Vietnam - 1 / 3

Ho Chi Minh City, Vietnam 

Early October last year I found myself in between jobs with some savings in the bank and just over 2 weeks until my new role started.
So, I did what anyone in their right mind would do and grabbed a crazy enough girlfriend and booked flights to Vietnam 4 days before flying out. We scrambled like crazy to get visa's sorted*, contacted people we knew over there, bought some new swimsuits (because, beach holiday) and were off. At the time, a spontaneous trip like this was exactly what I needed.

All photos on this are just taken on the trusty iPhone. We wanted to keep bags and valuables to a minimum.

Vietnam is an unbelievable place. I've lived in Japan and have traveled in Singapore, but I should have listened when people warned me about being prepared for south-east Asia.
From the moment we stepped out of the airport the buzz hit us: thick humid air, smells of unidentifiable foods, loud foreign noises, and of course people. So many people.
We were prepared and knew to negotiate the taxi fare into town before getting into the cab.

Tip #1 If you're flying into Ho Chi Minh (formerly Saigon) and traveling into town, expect to pay no more than 150, 000 Dong. Yes, the currency took me about 2 weeks to get used to.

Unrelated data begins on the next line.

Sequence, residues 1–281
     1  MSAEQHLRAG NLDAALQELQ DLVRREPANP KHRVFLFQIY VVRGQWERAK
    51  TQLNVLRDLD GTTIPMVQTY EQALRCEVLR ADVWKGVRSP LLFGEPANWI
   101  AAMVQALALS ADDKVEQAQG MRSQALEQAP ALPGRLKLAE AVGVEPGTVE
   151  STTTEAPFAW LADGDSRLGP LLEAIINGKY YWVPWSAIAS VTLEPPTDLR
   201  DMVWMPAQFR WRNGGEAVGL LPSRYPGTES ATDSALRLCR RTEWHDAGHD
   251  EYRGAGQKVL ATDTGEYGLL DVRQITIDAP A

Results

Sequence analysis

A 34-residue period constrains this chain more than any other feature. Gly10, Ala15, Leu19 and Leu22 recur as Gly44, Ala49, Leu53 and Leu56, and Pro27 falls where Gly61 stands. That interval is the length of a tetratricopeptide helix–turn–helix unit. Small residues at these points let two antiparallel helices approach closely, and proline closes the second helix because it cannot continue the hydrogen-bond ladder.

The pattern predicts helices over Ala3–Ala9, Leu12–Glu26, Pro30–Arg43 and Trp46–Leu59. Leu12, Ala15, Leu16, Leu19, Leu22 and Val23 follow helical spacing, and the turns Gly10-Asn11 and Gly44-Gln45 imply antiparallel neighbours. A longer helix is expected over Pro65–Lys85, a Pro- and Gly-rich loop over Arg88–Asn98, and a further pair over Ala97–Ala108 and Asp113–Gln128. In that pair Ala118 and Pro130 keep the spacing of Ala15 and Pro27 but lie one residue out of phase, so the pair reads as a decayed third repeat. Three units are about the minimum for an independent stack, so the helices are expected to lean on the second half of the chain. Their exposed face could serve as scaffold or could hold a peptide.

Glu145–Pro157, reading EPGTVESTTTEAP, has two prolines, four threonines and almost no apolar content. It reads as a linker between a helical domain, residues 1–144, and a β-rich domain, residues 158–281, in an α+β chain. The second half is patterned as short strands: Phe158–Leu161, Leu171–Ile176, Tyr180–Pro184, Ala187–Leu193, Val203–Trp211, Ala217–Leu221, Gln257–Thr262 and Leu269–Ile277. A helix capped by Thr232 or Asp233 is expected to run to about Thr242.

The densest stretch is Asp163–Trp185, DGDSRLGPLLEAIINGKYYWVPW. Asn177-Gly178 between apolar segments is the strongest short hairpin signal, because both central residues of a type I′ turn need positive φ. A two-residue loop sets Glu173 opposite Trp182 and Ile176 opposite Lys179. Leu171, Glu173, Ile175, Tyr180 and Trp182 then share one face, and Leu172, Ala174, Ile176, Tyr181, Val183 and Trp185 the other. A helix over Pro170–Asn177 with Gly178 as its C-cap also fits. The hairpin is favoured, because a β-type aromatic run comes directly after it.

Tip #2 Not just for airport fares but any time you're taking a cab, take a Mai Linh or Vinasun. Not all other companies are metered, and unless you find yourself travelling with a local, you're already paying a premium.

In terms of accommodation, we generally booked through Agoda for everything. Because we were less than prepared and booked internal flights and hotels generally the night before flying out, this was ideal to get good last-minute deals.

Because we were both a little burned out, this was he perfect time for us for a relaxing holiday. If you've ever been to a city like Ho Chi Minh, you'll know that relaxing situations are hard to come by. We were lucky to have had a good friend with a SWEET pool and gym at his apartment, which we made sure to spend an hour or so at before starting out most days.
Our days in Ho Chi Minh were predominantly filled with scheduling our activities around eating and drinking Vietnamese iced coffee, Cà phê sữa đá. We visited different markets, the heart wrenching war museum and other touristy sites, and obvi ate about 8 times a day.

We spent another few days in Ho Chi Minh after visiting Hoi An (post up next!) and before flying out again and I'm already wanting to go back. Here are some great places we enjoyed eating, drinking or soaking up the culture at, to get to know this city a bit better:

Vietnamese fine dining: Hoa Tuc
Absolutely impeccable service, interesting and delicious composition of flavours and great atmosphere. Mostly foreigners dining here, but definitely authentic for high class Vietnamese dining.

Price: think spending AU$50 per head, including great wine

Street food: 197 Vo Van Kiet
In all honesty, and I've had a lot of great food in my life, this is in my top 3 food experiences ever. Here, I would probably advise to ask the waiters for suggestions as the menu is unreadable to non-Vietnamese and we were lucky to have some locals with us to order.